If you’re expecting a baby, you may have turned to the internet for help.
More than 30 million students and teachers use Gmail as part of the free “Apps for Education” service.
As Health Reporter Stephanie Stahl explains, it’s a “procedure” that’s causing some controversy.
KYW Newsradio social media editor Melony Roy reports daily on what’s trending around the region and the world.
Gmail went down Friday afternoon in what appears to be a worldwide outage.
Google, the tech company best known for its Internet search engine, is now working on a special contact lens for diabetics.
The idea that all of that monitoring could be going on passively, through a contact lens, is especially promising for the world’s 382 million diabetics who need insulin and keep a close watch on their blood sugar.
One thing is clear: both Siri and Now need to spend a lot more time hitting the books.
In some ways, computers make ideal drivers: They don’t drink and then climb behind the wheel.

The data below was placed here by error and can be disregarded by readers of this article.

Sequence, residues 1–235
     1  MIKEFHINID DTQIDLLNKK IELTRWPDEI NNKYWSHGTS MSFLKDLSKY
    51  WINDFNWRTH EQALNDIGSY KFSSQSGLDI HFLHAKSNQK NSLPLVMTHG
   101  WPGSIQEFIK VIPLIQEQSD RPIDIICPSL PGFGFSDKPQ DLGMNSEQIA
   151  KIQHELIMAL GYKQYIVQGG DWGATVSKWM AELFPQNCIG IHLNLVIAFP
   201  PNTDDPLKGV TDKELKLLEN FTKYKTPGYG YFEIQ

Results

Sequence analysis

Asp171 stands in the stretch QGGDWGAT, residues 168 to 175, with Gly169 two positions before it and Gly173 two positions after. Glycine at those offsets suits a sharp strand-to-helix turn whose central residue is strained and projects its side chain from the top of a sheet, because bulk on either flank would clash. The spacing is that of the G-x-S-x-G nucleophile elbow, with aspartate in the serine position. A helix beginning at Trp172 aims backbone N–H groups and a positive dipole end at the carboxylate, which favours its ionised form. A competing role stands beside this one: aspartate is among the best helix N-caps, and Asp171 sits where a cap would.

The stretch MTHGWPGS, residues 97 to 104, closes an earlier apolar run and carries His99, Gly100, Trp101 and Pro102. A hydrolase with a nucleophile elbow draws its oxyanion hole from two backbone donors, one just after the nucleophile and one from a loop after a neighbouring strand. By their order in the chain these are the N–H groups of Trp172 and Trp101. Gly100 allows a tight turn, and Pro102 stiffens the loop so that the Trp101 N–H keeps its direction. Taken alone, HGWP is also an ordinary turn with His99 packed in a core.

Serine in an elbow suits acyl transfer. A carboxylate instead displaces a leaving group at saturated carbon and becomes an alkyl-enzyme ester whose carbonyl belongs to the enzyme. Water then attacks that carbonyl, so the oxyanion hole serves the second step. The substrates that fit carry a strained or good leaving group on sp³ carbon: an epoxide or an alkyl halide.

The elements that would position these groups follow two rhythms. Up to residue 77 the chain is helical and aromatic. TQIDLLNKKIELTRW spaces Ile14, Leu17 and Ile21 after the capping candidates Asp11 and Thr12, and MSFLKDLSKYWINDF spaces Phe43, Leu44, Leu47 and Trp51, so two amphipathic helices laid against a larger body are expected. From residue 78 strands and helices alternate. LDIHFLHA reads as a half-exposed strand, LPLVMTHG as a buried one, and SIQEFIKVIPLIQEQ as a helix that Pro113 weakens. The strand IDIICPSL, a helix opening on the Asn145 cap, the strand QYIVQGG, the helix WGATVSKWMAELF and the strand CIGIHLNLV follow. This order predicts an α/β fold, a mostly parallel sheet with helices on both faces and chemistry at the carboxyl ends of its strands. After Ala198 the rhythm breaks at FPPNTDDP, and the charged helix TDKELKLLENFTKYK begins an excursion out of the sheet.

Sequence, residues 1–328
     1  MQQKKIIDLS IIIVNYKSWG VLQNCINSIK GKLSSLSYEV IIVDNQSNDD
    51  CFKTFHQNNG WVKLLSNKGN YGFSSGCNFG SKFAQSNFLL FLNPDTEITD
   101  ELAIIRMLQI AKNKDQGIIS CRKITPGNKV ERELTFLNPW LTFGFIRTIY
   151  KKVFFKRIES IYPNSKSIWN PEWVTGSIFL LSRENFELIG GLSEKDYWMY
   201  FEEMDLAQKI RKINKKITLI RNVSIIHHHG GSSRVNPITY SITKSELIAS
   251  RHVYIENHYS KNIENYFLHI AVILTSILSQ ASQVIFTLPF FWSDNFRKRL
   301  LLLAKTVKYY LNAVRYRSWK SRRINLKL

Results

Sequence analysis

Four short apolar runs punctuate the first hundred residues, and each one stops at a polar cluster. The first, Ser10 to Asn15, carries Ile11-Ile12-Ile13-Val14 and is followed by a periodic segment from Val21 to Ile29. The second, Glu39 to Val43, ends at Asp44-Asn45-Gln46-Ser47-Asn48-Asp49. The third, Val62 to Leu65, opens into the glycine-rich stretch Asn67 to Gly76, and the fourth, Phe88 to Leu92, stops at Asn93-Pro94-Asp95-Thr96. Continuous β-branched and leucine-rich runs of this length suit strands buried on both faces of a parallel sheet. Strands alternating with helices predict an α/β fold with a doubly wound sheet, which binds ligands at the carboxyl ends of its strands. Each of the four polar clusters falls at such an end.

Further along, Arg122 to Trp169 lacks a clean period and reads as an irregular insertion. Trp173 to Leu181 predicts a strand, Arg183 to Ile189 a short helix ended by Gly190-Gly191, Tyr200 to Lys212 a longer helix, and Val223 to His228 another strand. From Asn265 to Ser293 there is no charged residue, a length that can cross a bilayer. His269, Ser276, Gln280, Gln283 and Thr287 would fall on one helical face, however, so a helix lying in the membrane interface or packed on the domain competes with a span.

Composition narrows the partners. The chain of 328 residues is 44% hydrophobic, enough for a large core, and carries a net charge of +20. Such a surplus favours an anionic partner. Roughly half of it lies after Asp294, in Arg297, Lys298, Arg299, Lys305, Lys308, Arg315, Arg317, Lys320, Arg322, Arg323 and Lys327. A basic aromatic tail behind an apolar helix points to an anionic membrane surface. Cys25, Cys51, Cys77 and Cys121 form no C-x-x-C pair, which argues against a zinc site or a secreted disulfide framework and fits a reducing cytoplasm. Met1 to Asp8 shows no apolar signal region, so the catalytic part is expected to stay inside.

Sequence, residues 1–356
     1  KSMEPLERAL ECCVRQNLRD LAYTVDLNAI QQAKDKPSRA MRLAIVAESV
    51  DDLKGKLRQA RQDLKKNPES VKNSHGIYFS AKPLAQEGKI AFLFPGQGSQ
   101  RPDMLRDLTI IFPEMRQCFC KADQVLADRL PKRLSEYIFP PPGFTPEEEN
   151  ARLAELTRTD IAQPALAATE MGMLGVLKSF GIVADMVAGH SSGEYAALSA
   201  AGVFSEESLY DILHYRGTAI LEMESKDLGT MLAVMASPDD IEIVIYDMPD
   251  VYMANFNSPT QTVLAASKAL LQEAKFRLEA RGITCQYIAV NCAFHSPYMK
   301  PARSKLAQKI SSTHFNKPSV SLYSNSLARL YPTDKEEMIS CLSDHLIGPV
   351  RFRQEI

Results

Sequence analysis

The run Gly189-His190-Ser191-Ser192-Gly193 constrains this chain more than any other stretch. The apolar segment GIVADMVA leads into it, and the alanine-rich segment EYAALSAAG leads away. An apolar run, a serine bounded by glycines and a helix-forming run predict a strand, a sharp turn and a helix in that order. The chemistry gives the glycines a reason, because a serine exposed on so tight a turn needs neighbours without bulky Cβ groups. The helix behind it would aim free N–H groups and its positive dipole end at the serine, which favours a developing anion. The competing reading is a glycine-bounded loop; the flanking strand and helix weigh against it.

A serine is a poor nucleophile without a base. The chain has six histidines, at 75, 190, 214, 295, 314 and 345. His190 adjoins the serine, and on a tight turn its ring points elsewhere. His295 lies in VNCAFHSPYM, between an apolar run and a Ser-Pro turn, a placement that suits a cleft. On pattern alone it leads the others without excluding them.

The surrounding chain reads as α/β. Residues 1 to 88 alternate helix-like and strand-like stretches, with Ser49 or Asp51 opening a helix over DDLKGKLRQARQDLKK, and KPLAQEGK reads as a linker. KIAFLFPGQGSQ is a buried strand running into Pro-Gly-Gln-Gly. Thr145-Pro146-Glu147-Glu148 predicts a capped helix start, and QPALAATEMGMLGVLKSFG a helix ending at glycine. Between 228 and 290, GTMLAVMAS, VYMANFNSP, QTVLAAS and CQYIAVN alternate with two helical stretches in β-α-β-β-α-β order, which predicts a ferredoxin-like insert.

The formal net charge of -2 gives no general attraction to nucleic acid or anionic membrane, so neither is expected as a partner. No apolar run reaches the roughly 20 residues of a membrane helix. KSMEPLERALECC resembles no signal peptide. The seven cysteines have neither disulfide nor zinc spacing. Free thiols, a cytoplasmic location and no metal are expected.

New York’s attorney general is trying to dismantle what he calls a system of creating false online review for products and services.
KitKat is the name Google has chosen for Android 4.4, which will power phones and tablets this fall.
“Businesses are embracing the Internet to find new customers or connect with existing customers and really to grow their operations,” Google director of small business engagement Scott Levitan says.
Those seemingly ‘free’ services, like email and social networking, are funded (and then some) by information like your birthdate, location, what you search for and buy, and insights to your online behavior.
“We want to give you control of what data you share and with whom for explicit value received,” says Michael Fertik, CEO of Reputation.com.
Google’s latest attempt to enter our living rooms — announced and on sale Wednesday — puts web video front and center.